I disagree strongly with the Town Board's finding"that its proposed Comprehensive plan and each law implementing it, is congruent and consistent with the (Greenway) guidelines." This flawed assessment may erode voter accountability because the Greenway Compact allows for streamlining of the development process. The town's overriding clauses may further reduce the Greenway Compact's meager environmental guidelines. The proposed Master Plan and East Fishkill Greenway Compact will offer an empty promise of environmentally sound regional planning if crucial local wetland law is not enacted.
I am also concerned that taxpayers will not have any voice or referendum on a sewer treatment plant. We may foot the bill and the usual cost overruns without obtaining ownership of the sewer plant. Wetland protection, conservation and controlled growth would avoid a sewer plant and its placement in somebody's backyard or the effluent discharged in our creeks. Taxpayers may get a quasi-public private system run by a shadow, quasi-government agencies, like the Dutchess Water and Wastewater Authority. Will their water projects privatize Hudson River water for corporation use and sell us the leftover water as our well water deteriorates from the same denser development encouraged by a Sewage Treatment District? How will the taxpayers avoid this sewer project, or give it the close scrutiny it deserves?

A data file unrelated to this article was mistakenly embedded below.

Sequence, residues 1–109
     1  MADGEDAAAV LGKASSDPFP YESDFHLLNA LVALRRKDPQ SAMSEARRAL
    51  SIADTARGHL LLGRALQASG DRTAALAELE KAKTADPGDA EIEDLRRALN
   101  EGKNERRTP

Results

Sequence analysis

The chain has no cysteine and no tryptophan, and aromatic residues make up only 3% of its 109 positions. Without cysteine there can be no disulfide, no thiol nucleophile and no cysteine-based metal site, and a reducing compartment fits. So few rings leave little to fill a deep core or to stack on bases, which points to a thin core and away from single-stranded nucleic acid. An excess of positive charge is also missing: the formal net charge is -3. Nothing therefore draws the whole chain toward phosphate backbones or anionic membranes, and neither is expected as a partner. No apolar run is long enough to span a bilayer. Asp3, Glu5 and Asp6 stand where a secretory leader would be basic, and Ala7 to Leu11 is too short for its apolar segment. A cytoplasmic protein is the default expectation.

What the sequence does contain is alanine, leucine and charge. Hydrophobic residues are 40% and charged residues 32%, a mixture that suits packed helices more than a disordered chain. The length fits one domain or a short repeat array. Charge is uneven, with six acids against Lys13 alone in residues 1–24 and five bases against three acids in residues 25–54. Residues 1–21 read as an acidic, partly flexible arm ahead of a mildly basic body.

With two EPA SUPERFUND sites currently within the town and a liability risk for further spread of Shenandoah's toxic plume, I am concerned that the Town hasn't enacted local toxic waste reduction laws or guidelines for its planning board . Clearly stated guidelines to reduce toxic wastes (for dry cleaners, garages and printers as well as large corporations) are available at the user friendly site of the Toxic Use Reduction Institute ( www.turi.org and www.cleanersolutions.org). Massachusetts funded these sites after Woburn's wells were poisoned.